Tweet

An anesthesiologist answers: “How Safe is Propofol?”


Brian W. Launius, M.D

It is quite likely that if you or a family member has had a recent diagnostic, endoscopic or surgical procedure, the drug propofol was a part of the anesthetic. Since approval by the FDA in 1993, this liquid drug, which is administered through the vein (IV), has been safely used as a sedative or anesthetic for millions of people worldwide.

In trained hands, propofol offers many advantages over other drugs used for sedation and anesthesia. Those advantages include having a rapid onset of action and wearing off quickly, which allows patients to wake up, recover, and return to normal activities and diet sooner than other anesthetics. An additional benefit is its anti-nausea effect, making it especially popular for outpatient, same-day procedures. 

As with many drugs, for all its positive benefits and good safety profile, propofol is not without risk. First and foremost, propofol only should be administered by a trained medical practitioner, such as an anesthesiologist or nurse anesthetist (CRNA), who is familiar with the dosing of this powerful drug; can closely monitor the patient with the help of sophisticated machines which track vital signs and oxygen levels; and provide airway assistance in the form of a breathing tube, if needed. This drug only should be administered in an accredited healthcare facility such as a hospital or surgicenter. 

Sadly, in untrained hands, propofol can be dangerous, even deadly. Profound changes can occur rapidly, as evidenced in the Michael Jackson case. It will be interesting to note what authorities determine are the facts around that case. Jackson apparently died while being given propofol along with several other powerful sedatives in his own home. The physician who was caring for him and treating his insomnia was not a trained specialist in anesthesiology. An anesthesiologist, in an accredited healthcare facility, is thoroughly educated and prepared to diagnose and treat such an emergency situation.

Anesthesiologists are physicians who have taken an additional 4-6 years of training in the field of anesthesiology. This training allows them to care for patients in the intensive care unit (ICU), render surgical patients unconscious and insensitive to pain during surgery, and recognize and treat side effects and complications resulting from the surgery. In addition, hospitals, such as Verde Valley Medical Center (VVMC), utilize an “anesthesia care team” that consists of an anesthesiologist and a nurse anesthetist who is an advanced practice RN and has completed 2-3 years of training in anesthesia care.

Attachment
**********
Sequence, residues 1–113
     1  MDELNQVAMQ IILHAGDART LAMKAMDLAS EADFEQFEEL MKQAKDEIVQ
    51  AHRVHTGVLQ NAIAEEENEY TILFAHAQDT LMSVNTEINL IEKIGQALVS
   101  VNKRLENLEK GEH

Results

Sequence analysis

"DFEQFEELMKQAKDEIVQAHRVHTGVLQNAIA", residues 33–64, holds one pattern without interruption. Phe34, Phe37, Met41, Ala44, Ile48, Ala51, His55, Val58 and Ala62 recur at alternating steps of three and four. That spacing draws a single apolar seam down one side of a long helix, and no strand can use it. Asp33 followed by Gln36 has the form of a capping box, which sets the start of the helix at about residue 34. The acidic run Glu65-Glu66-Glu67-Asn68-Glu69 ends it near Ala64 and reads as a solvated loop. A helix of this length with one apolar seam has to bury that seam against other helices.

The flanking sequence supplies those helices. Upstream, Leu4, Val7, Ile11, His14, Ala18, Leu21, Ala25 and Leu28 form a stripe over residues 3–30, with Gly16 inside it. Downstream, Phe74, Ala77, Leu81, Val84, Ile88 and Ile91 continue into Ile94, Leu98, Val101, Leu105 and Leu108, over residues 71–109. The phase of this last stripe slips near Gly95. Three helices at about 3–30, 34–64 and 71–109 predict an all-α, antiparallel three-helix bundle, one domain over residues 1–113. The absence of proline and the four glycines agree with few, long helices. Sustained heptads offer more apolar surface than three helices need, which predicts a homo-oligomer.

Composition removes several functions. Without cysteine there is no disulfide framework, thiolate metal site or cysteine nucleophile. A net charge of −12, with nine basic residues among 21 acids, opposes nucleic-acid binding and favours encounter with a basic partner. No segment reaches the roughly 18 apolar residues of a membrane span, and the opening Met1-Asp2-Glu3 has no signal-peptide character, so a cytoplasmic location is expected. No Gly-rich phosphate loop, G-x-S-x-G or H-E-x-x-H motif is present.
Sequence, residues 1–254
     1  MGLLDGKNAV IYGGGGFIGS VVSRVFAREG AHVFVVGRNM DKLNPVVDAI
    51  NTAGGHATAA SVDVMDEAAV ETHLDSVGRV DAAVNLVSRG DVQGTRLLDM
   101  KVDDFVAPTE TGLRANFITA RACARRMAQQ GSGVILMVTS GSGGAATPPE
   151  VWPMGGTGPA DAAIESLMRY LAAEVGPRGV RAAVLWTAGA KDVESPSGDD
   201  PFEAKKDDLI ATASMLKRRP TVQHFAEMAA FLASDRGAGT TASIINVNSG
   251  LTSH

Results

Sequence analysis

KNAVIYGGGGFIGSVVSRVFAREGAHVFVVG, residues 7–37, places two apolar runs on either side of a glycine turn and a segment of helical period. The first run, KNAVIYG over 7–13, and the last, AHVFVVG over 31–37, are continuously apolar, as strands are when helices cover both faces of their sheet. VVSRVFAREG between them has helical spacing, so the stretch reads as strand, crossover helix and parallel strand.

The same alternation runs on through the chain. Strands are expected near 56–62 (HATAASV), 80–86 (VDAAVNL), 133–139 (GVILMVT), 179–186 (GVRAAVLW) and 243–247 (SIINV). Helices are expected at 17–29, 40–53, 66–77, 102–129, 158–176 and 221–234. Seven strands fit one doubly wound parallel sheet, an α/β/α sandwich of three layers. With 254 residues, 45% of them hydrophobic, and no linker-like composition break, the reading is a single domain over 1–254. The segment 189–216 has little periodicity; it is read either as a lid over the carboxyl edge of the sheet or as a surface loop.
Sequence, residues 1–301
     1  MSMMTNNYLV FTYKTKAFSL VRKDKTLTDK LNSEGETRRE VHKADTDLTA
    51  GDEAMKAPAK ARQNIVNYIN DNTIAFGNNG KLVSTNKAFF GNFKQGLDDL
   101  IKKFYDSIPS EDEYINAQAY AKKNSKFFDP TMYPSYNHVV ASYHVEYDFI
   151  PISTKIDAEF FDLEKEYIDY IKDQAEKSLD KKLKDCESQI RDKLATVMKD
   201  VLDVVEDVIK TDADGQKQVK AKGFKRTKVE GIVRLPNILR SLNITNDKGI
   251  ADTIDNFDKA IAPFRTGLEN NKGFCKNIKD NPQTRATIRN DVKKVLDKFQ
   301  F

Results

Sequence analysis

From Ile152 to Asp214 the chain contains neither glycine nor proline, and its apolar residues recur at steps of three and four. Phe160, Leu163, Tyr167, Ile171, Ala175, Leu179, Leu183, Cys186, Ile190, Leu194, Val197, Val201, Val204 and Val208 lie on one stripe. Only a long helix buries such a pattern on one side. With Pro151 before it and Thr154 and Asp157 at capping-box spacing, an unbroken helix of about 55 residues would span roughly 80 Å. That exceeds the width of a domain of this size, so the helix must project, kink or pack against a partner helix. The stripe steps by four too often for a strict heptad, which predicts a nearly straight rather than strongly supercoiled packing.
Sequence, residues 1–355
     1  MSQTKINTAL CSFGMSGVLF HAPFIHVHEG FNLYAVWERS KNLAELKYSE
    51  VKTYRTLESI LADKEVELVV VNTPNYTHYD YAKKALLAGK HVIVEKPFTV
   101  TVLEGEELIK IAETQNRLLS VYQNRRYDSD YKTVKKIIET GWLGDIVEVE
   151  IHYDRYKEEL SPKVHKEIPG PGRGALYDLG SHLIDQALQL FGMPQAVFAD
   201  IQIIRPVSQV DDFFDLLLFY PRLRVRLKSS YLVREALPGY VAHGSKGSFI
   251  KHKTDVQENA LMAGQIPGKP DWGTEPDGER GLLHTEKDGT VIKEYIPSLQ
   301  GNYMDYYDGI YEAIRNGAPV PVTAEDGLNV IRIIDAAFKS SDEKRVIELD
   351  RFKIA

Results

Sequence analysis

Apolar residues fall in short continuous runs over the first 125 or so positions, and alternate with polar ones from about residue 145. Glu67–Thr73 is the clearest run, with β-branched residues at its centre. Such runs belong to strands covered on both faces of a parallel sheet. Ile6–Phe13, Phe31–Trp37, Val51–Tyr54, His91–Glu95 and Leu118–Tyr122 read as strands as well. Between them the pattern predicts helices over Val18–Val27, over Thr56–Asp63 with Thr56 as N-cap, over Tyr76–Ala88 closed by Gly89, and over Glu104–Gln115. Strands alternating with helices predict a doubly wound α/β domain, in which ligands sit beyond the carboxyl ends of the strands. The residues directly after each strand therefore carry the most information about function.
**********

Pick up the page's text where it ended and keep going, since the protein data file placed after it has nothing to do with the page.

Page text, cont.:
In the late 1970s, The American Society of Anesthesiologists (ASA) undertook a massive effort to improve the safety of anesthesia by determining the causes of adverse anesthesia-related outcomes and focusing attention on avoiding those causes. By 1985, the Anesthesia Patient Safety Foundation was created to raise the levels of consciousness and knowledge of patient safety issues. In 1986, ASA became the first medical specialty to adopt standards of care for its members.

A 1999 report by the Institute of Medicine noted that anesthesia care “was now performed 50 times more safely than in the early 1980s.” At the time few professional societies or groups could demonstrate that kind of visible commitment to reducing errors in healthcare and improving patient safety.

Anesthesiology is an exciting and intriguing field of medicine involving physics, pharmacology and high-tech gadgetry. More than 20 years ago, however, when entering the specialty, little did I realize the most gratifying part of an anesthesiologist’s work. It is simply the powerful relationships which are developed with patients while they experience such important and stressful moments in their lives.

Fortunately, while none of us have the riches or resources that Michael Jackson possessed, we all are entitled to expect a trained physician, anesthesiologist or nurse anesthetist to be at our side, focusing solely on our comfort, safety and well-being during a surgery or procedure using powerful medications such as propofol. 

Sadly, that is the one thing the “King of Pop” apparently didn’t have before his death.

Brian W. Launius, M.D., joined VVMC’s Medical Staff in 2009. He is certified by the American Board of Anesthesiology and is a member of several professional societies including the American Society of Anesthesiologists.

 


 



EMAIL THIS PAGE TO A FRIEND